If Nato is to become a global alliance against terror, as Washington policymakers now insist, it has to rest on shared understandings, not only of the immediate threats but also of the long-term strategy needed to contain them. The gulf between perceptions of Middle Eastern politics in Washington and in European capitals threatens to drive the Atlantic alliance apart.
European policymakers see the US as the imperial power in the Middle East – challenged by the Soviet Union through the cold war but unchallenged since then except from within the region. Bitter experience of past empire leads them to see Washington as locked into a position where its policies sustain and regenerate the threats it faces.
A former British minister recently compared US support for Israel with British support for the Protestant ascendancy in Ireland: sustained over 300 years, against cycles of terror on both sides, before the British state accepted a different approach was necessary. French analysts are conscious of the century-long incorporation of Algeria into France, and of the terrorism and asymmetric warfare that forced their withdrawal.
Israel’s long-term security, from these perspectives, can only be guaranteed by securing peace with its neighbours, with a viable Palestinian state as a partner. If its security and interests become identified with America’s, it will not survive America’s eventual loss of dominance over the region.
Perceptions in Washington differ sharply. American exceptionalism denies comparison with other empires; the US is a force for good, bringing democracy and progress to the Arab world. Officials whose predecessors cultivated Sinn Fein insist the “US does not negotiate with terrorists”. American nationalists refuse to recognise the countervailing forces of Iranian nationalism and Arab pride. The subtle but vital differences between Hamas, Hizbollah and al-Qaeda are swept away in the designation of terrorism as the enemy. Israel is seen as the forward base of western civilisation against the existential threat from radical Islam.
Washington policymakers see themselves engaged in a long war to defend rational values against irrational forces. European observers fear that US attitudes are shaped by domestic politics and by the unbalanced coverage of Middle Eastern developments in the US press. Their misgivings about the direction of US policy are deepened by the sustained campaign against Middle East studies centres in US universities, which has included proposals for Congress to impose a degree of federal censorship over the academic curriculum.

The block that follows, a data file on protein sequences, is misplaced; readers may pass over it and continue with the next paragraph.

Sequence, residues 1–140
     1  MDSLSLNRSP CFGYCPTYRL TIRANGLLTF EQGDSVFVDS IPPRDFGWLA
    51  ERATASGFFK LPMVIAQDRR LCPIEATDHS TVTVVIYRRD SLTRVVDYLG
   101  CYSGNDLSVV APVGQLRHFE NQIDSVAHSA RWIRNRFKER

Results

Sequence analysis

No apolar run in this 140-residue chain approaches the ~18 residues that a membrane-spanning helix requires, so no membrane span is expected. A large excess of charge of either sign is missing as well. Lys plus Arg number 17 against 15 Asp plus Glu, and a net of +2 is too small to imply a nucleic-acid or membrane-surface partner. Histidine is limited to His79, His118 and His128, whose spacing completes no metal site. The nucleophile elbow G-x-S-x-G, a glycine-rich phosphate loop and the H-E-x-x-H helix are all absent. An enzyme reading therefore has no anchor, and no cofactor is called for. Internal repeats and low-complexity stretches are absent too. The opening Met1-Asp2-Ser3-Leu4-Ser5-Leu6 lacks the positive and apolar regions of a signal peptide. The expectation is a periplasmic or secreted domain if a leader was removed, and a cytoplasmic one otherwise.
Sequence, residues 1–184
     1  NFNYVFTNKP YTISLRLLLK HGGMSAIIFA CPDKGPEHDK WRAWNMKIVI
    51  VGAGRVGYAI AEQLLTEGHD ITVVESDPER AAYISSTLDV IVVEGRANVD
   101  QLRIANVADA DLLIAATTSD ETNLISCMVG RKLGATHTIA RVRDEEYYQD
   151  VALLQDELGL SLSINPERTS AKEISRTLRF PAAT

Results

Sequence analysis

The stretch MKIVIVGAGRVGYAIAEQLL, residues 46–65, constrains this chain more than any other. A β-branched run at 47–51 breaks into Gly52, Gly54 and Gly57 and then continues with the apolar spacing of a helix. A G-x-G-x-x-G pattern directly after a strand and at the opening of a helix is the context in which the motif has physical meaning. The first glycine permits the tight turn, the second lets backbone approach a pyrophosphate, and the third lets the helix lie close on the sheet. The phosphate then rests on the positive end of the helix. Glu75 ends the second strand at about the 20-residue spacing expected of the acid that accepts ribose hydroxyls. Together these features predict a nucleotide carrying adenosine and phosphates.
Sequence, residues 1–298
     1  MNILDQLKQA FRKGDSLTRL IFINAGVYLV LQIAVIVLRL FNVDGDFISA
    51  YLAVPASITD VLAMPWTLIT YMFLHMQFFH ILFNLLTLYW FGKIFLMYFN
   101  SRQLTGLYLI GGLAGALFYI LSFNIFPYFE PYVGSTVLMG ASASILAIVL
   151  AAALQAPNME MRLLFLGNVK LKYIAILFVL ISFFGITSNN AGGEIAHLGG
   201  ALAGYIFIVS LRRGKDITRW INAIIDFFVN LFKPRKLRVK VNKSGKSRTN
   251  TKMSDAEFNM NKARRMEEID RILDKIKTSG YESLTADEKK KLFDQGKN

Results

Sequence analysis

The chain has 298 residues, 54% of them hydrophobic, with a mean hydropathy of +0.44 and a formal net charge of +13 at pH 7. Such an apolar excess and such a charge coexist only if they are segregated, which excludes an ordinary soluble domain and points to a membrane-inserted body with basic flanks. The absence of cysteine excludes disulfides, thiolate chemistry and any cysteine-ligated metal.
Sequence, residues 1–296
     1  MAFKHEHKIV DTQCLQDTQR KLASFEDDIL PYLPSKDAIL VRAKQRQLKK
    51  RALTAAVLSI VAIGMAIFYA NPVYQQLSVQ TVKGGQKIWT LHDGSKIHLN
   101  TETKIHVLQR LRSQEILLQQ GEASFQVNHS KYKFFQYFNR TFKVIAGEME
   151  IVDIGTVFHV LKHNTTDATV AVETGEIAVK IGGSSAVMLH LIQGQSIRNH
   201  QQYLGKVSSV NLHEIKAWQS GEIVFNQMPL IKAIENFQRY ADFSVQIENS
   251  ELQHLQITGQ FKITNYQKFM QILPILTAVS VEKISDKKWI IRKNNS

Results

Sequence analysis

The influence of Christian fundamentalists on US policy makes the Bush administration’s claim to be defending reason against unreason hard to sustain. A 2003 Pew Research Center poll found that 36 per cent of Americans believe the creation of the state of Israel is a step towards the second coming of Jesus. The Bush administration’s tepid support for the Middle East “road map” and continued provision of funds that support expansion of settlements beyond Israel’s pre-1967 boundaries consolidate the Republican base but undermine US credibility in both the Muslim world and European capitals.
US conservatives do their best to deny the legitimacy of European efforts to promote a two-state solution for Israel-Palestine. European governments, neo-conservatives charge, are guilty of “appeasing” the new enemy. Critics are reminded of Europe’s anti-Semitic past. Ultimately, however, the US administration will turn to its European allies to pay for the reconstruction of Lebanon and Palestine; it is already asking them to provide peacekeeping forces in the region. The Bush administration has discovered through bitter experience that it cannot impose its vision for world order alone. It would be wiser to listen to its partners, and to resist allowing its policy on the world’s most complex and dangerous region to be shaped by the distortions of domestic lobbies and the irrational undercurrents of American politics.
Lord Wallace of Saltaire is deputy leader of the Liberal Democrats in the British House of Lords and emeritus professor of international relations at the London School of Economics